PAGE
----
Sometimes I think the USPTO approves this kind of patent as a sort of protest; just to get attention and force Congress to give them rules allowing them to reject "obvious" inventions and reference prior art other than publications.

    Actually, the Patent Office folks have explained this publicly in the past. Their motive isn't to get rules and definitions from Congress. They agree that such things should be the Patent Office's job. Their motive is to get Congress to fund the required work. Some years back, when Congress passed the laws that radically expanded what could be patented, Congress also cut back on Patent Office funding. The Patent Office can't do the "obvious" checking of patent applications, because they can't legally hire (and train) the people that the job has required for the past decade or so. The flood of patent applications has become an astronomical number.

    The Patent Office folks made it pretty clear back then that their only possible approach was something that historians will find familiar: Approve them all, and let the Courts sort them out. Essentially, funding for patent examination has been moved into the Private Sector, aka the lawyers. This has, of course, radically increased the cost of a patent application, because the court system simply wasn't designed for this sort of task, and patent lawyers cost a lot more than patent examiners.

    As long as our political system remains in its current "privatization is the way to go" state, this is not likely to change. And if you're complaining about the way that the current patent system is a dead weight on economic development, you should understand that that's exactly its function. A patent is a tool for limiting use of a bit of technology to someone who can afford to defend the patent. That's intentional, and it has always been used by the big guys against the little guys. The only way to fix it is to limit what can be patented. A decade back, the US Congress took exactly the opposite approach, and radically expanded what was patentable. They did this knowingly, to limit access to technology to the big guys (aka campaign contributors ;-). This isn't going to be fixed as long as the crowd that did that is still running the US Congress.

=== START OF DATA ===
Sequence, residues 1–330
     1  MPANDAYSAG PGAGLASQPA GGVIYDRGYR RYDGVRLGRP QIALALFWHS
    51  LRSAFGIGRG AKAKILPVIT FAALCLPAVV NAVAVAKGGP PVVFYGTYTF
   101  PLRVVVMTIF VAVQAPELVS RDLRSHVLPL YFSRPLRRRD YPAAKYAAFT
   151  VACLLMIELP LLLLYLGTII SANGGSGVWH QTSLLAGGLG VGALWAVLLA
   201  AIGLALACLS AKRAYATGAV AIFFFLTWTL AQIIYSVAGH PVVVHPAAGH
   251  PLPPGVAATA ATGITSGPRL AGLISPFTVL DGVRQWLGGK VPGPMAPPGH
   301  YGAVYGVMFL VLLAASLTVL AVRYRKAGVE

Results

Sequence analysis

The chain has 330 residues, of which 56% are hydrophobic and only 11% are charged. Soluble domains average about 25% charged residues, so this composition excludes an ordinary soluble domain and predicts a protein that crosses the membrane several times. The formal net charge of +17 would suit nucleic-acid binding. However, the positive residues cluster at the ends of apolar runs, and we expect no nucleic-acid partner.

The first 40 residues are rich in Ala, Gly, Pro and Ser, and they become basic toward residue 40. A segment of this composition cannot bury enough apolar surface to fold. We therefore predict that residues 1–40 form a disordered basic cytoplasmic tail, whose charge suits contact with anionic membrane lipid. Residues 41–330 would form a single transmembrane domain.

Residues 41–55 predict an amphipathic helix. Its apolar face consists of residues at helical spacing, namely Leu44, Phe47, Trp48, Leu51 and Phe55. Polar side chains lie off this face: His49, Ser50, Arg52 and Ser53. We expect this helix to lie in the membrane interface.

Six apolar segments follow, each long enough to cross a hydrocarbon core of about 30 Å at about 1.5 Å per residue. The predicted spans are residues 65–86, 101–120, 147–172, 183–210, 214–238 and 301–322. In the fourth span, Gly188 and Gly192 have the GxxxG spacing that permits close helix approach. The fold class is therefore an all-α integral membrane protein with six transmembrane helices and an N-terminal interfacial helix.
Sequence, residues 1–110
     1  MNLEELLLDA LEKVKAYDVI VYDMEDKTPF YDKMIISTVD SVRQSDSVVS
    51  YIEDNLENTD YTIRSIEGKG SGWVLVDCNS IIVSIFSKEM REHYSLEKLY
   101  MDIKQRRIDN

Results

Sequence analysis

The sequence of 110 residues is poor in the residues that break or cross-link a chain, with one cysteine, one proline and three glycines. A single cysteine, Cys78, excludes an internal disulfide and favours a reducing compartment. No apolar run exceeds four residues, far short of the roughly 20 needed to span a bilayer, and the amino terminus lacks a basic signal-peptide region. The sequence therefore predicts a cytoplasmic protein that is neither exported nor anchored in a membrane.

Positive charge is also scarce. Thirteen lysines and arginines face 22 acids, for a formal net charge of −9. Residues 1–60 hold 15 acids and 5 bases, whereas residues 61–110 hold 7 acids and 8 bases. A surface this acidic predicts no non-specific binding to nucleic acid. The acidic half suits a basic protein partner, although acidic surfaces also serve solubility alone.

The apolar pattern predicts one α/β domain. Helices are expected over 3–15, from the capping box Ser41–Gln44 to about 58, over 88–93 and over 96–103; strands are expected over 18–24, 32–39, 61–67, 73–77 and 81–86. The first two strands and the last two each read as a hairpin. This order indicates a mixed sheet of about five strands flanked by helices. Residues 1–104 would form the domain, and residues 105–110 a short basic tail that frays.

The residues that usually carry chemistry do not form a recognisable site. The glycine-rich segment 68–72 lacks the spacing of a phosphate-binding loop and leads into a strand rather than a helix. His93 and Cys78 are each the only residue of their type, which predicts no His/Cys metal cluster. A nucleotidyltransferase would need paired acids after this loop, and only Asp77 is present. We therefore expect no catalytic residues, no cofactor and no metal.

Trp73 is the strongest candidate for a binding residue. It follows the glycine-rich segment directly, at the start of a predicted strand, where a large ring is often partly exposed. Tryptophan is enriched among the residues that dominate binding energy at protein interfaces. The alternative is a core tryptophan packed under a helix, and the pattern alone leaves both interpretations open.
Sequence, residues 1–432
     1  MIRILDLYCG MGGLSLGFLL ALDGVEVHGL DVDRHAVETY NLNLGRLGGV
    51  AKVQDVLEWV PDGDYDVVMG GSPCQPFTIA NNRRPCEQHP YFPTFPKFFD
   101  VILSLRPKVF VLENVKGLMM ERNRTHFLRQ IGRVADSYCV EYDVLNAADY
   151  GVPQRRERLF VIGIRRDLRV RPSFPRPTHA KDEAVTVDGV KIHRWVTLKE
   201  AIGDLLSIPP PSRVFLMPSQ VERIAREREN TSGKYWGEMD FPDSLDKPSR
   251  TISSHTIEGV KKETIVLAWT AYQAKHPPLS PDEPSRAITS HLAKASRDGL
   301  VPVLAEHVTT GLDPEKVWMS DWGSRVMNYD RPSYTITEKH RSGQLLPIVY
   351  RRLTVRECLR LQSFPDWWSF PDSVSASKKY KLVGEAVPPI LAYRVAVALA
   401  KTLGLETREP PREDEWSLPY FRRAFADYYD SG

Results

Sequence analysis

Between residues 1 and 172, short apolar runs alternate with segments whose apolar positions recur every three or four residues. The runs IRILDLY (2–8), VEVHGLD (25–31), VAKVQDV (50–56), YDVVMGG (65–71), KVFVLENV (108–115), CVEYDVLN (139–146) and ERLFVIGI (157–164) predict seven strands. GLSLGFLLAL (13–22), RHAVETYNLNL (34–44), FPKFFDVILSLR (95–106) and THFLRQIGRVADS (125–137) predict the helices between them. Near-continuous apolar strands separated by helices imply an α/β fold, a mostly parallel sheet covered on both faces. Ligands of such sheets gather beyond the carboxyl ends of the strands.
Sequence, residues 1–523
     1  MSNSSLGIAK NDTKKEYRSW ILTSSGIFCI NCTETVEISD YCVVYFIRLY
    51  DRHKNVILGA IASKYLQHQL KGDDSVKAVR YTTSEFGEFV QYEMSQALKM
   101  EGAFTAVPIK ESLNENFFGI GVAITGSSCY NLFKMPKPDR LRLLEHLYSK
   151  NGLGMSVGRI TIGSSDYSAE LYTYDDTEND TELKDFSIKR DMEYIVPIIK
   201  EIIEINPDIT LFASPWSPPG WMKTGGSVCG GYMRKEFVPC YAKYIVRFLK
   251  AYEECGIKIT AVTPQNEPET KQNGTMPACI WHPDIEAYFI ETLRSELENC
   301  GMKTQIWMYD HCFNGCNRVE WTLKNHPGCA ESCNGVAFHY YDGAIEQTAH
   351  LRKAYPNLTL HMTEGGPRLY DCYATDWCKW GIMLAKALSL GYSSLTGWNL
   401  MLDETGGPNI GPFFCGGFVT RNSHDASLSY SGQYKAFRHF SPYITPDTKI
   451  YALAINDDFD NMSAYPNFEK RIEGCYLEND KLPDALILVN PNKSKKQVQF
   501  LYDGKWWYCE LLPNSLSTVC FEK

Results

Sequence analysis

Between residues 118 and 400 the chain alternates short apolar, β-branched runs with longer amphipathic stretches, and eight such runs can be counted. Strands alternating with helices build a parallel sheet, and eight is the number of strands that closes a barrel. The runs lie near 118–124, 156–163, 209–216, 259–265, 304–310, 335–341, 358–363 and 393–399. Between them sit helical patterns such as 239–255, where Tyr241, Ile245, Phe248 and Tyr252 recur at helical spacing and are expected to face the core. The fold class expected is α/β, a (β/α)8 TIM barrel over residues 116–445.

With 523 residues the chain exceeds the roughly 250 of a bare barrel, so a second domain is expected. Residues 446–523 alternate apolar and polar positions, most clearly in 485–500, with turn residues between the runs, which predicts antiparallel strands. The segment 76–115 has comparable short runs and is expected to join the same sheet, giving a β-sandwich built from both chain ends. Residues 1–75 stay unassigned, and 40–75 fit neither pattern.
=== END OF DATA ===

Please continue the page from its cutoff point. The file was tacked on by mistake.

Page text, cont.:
(Well, OK, there's an outside chance that the courts might cancel those laws on obvious Constitutional grounds. Anyone want to make a wager on when that might happen, how much the appeal process will cost, or how many years it'll take? ;-)

  • Re:It's time (Score:3, Informative)

    by Theaetetus (590071) <theaetetus DOT slashdot AT gmail DOT com> on Tuesday January 10, 2012 @02:54PM (#38654174) Homepage Journal

    The Supreme Court didn't hear a software patent case from 1981 to 2008 and in those years the district courts essentially created software patents.

    Not district courts - the US Court of Appeals for the Federal Circuit. Sometimes called the "12th Circuit". And during those two decades, the Supreme Court declined hearing a bunch of appeals because they thought the lower court's decision was correct.